Where to Stay

There are two or three guesthouses in Puerto Santa Cruz, however, I stayed in a privately rented room which was really excellent. Alojamiento Flores del Alma belongs to a lovely couple. It’s actually small, one-bedroom apartments with a full bathroom, a small living room, and a fully equipped kitchen.

Church of the Exaltation of the Holy Cross in Puerto Santa Cruz
The apartment is just around the corner from every point of interest in Puerto Santa Cruz – such as the famous Church of the Exaltation of the Holy Cross

They even left some food for breakfast in the fridge, however, the supermarket La Anonima is just three blocks away. There, you get everything you need for your own cooking.

Check out the Flores del Alma’s availability and prices.*

Where to Eat

Actually, I referred to the La Anonima supermarket for a reason since there are not that many options to dine out.

A nice place mainly for the views is the Gyros Restaurante Y Confiteria at the western end of the coastal promenade.

Cash And Cards

Obviously, cash is accepted everywhere, but at the supermarket, you can also pay by credit card. My hosts, however, accepted only cash. Also, there was a weird calculation going where they intended to add a certain percentage if I didn’t pay in foreign currency. It was very Argentinian.

The Banco de la Nación Argentina building on the 9 de Julio road in Puerto Santa Cruze.
The majestic Banco de la Nación Argentina building on the 9 de Julio road.

Anyway, there are banks and ATMs at Puerto Santa Cruz, so there shouldn’t be any problem.

Language

Yes, Argentina is a South American country once conquered by the Spanish and Castellano is spoken to this date.
However, even if you have a great command of Spanish, the first days, you might have trouble understanding everything: Argentinians pronounce everything that sounds like ya, ye, yi, yo, etc. sha, she, shi, sho. Yo llego becomes sho shego. A servilleta becomes a servishetta – by the way, one of my favorites.

Since Puerto Santa Cruz is much less visited by travellers as it could be, people only have a basic knowledge of the English language. Therefore, you might want to brush up your Spanish on babbel.

Connection and Communication

Like during most of my trips where European roaming is not available, I did not get a national SIM-card but did rely on WiFi – worked like a charm in general.

However, at the house, connection was somewhat weak at moments, but nothing to worry about. I actually don’t know if it was Puerto Santa Cruz or this specific router. Anyway, somehow it matched the place’s serenity.

Puerto Santa Cruz was only one stop during my exciting Argentinian road trip. Go to the main post to check out all the other destinations.

Pinnable Pictures

If you choose to pin this post for later, please use one of these pictures:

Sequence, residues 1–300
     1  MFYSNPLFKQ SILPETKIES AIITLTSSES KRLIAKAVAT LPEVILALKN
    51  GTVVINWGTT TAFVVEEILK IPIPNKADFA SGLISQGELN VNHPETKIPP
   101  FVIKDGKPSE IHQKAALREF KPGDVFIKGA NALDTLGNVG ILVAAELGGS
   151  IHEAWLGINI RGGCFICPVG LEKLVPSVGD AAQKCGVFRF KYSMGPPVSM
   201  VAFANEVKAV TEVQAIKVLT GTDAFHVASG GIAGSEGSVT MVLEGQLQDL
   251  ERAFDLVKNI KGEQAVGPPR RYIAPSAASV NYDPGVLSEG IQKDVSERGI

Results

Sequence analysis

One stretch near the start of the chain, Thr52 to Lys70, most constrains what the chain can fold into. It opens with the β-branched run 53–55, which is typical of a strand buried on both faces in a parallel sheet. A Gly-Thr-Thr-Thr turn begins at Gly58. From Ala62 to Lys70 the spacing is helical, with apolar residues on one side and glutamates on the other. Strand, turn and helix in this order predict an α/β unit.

Pinnable Picture for the Post on Puerto Santa Cruz in Patagonia, Argentina
PUERTO SANTA CRUZ
Pinnable Picture for the Post on Puerto Santa Cruz in Patagonia, Argentina
PUERTO SANTA CRUZ
Pinnable Picture for the Post on Puerto Santa Cruz in Patagonia, Argentina
PUERTO SANTA CRUZ
Pinnable Picture for the Post on Puerto Santa Cruz in Patagonia, Argentina
PUERTO SANTA CRUZ
Pinnable Picture for the Post on Puerto Santa Cruz in Patagonia, Argentina
PUERTO SANTA CRUZ
Pinnable Picture for the Post on Puerto Santa Cruz in Patagonia, Argentina
PUERTO SANTA CRUZ

* This is an affiliate link. If you book through this page, not only do you get the best deal, I also get a small commission that helps me run this blog. Thank you so much for supporting me!

Did You Enjoy This Post? Then You Might Like Also These:

12 Replies to “PUERTO SANTA CRUZ – the forgotten capital”

  1. I have always wanted to sail to Patagonia and this is a truly inspired post! I love all the penguins, but as a sailor, I especially love the images of the shipwrecks and all the history that you provide in your insightful and comprehensive article! Thanks for taking me along with you on your journey!

  2. I can totally relate to being up before town! We’ve done that on a number of trips, unfortunately, but you just have to make the best of it, which you clearly did! Also, penguins are adorable!!! 4 meters is pretty close so I’m not surprised the animals backed away from you.

    1. Like I said, they hardly tolerated 10 meters. Two days later, I visited a far more touristy place and there, the penguins were much more oblivious to humans. I don’t think that that’s a good sign….

  3. Love the way you described the laid back little town. I almost felt that I am also navigating with you this town that was sleeping even at 8 in the morning. Penguins are super cute, but appreciate your conscious effort of maintaining distance from them.

  4. This looks like an interesting little spot. I’d like to see all the animals and make my way through the area. Looks like there’s plenty of history!

  5. You’re such an amazing writer! I like that you were able to find so much to do in such a little place and that you were willing and wanting to find out everything you could about the destination. So many people would have judged a place like this merely on its number of “Instagrammable spots” You saw the diamond in the rough!

  6. I would love to visit this “forgotten town” – there was hardly anyone there! Those are the best experiences. The beached ship skeletons must have been so cool to see. I can’t believe they are open/exposed like that! Monte León National Park will be a must. Thank you for sharing this hidden gem 💜

  7. Hello Renata, it was nice to have met your blog!

    I was born in Puerto Santa Cruz, and I lived there until 2016. All my memories from my childhood and my family are there.

    I’m an English teacher currently working in Comodoro RIvadavia, South of Argentina. I was looking for pictures of Pto. Sta. Cruz in order to show my students a presentation under the topic “My hometown”,Iso I found this amazing review.

    I really enjoyed reading about my place with your own eyes. Thanks for this article!

    1. Que placer, Romina, muchisimas gracias! I hope you liked the pix – I really tried to capture Santa Cruz’ special charm. Argentina fue mi ultimo viaje antes de toda esta locura de Corona asi que tengo bonitos recuerdos.
      Espero que Ud e su familia estan bien – cuidense mucho! Un abrazo desde la distancia!

Leave a Reply

Your email address will not be published. Required fields are marked *